Sunday, January 17, 2016

A Touch of Class

About fourteen years ago, I had the pleasure of staying at the Waldorf Astoria Hotel in New York City.  The opportunity came up not because I had a sudden windfall but, because tourism to New York was at an all-time low.  It was the spring of 2002 and many New York hotels were offering special rates to bring tourists back to the city.  I happened to find a wonderful deal on a three night stay at the Waldorf Astoria, a hotel I had never set foot inside before.
I must say, there is something quite satisfying about stepping into a cab at the airport and telling the driver to take you to that famous hotel.  You suddenly feel a little less ordinary.

The lobby of the hotel is very comforting in an “old world” sort of way.  You feel wrapped in the warmth of the dark wood and the soft lights from the table lamps as you ease yourself into one of the plush seats.  It’s one of those places where you can sit for a long period of time just watching the ebb and flow of the smartly dressed people making their way around this elegant space. 

In a prominent position in the lobby stands the bronze Waldorf Astoria clock set on an octagonal base of mahogany and marble.  The clock was created by Goldsmith Company of London for an exhibition at the Chicago World’s Fair in 1893.  The Waldorf Astoria purchased the clock and has made the two-ton instrument a focal point of the hotel ever since.  It stands nine feet tall and is topped with a Statue of Liberty.  Around the eight sides of the base are oval portraits of Queen Victoria, Benjamin Franklin and six American Presidents, Cleveland, Harrison, Washington, Grant, Lincoln, and Jackson. 
I took advantage of the hotel’s amenities having drinks in the dark but friendly bar before heading out to dinner and on another evening enjoying a drink and entertainment in the bright lounge where I met and talked with a woman who told me she was Walter Conkite’s personal assistant.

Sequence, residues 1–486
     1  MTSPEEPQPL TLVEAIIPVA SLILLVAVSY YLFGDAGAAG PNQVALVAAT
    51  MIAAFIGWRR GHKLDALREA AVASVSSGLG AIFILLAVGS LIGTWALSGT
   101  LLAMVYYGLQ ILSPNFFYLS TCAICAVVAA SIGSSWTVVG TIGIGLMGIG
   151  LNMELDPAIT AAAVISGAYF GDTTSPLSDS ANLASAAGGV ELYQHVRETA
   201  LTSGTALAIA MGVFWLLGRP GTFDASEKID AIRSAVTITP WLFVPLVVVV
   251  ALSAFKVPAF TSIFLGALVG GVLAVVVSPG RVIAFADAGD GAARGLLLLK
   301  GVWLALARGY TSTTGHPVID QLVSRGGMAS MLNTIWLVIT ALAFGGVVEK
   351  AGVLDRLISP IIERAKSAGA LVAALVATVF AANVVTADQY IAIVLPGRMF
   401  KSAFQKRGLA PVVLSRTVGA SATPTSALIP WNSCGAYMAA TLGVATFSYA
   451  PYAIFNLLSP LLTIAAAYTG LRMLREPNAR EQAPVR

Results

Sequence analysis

I thoroughly enjoyed my short stay at this famous hotel.  It was like stepping into another world but one I was completely comfortable in.

I brought one souvenir home from this trip that I still own and use today.  My Waldorf Astoria bath robe hangs in my bathroom and reminds me of a perfect weekend getaway. 


Thérèse said...

Such perfect moments! Nice memories.

Lowell said...
This comment has been removed by the author.
Lowell said...

I left a comment a bit ago but boy, did I make a mistake. We didn't stay at any Waldorf-Astoria in Naples, Florida, but the Ritz-Carleton, which offered its own form of luxury which we enjoyed very much. So I deleted my first comment. That may have been the first mistake I've ever made. Heh, heh. I used to tell that to my students and they would laugh uproariously for they knew me too well!

William Kendall said...

What a beautiful hotel! I don't think I've ever seen interior photos.

Catalyst said...

On a visit to New York for a political convention I encountered Senator Ted Kennedy in a hallway at the Waldorf. You're right. It is the epitome of luxury.

Today's New York Times tells of another New York luxury hotel, the Plaza, and of how Donald Trump bought it for over 400 million dollars but later lost it in one of his several bankruptcies.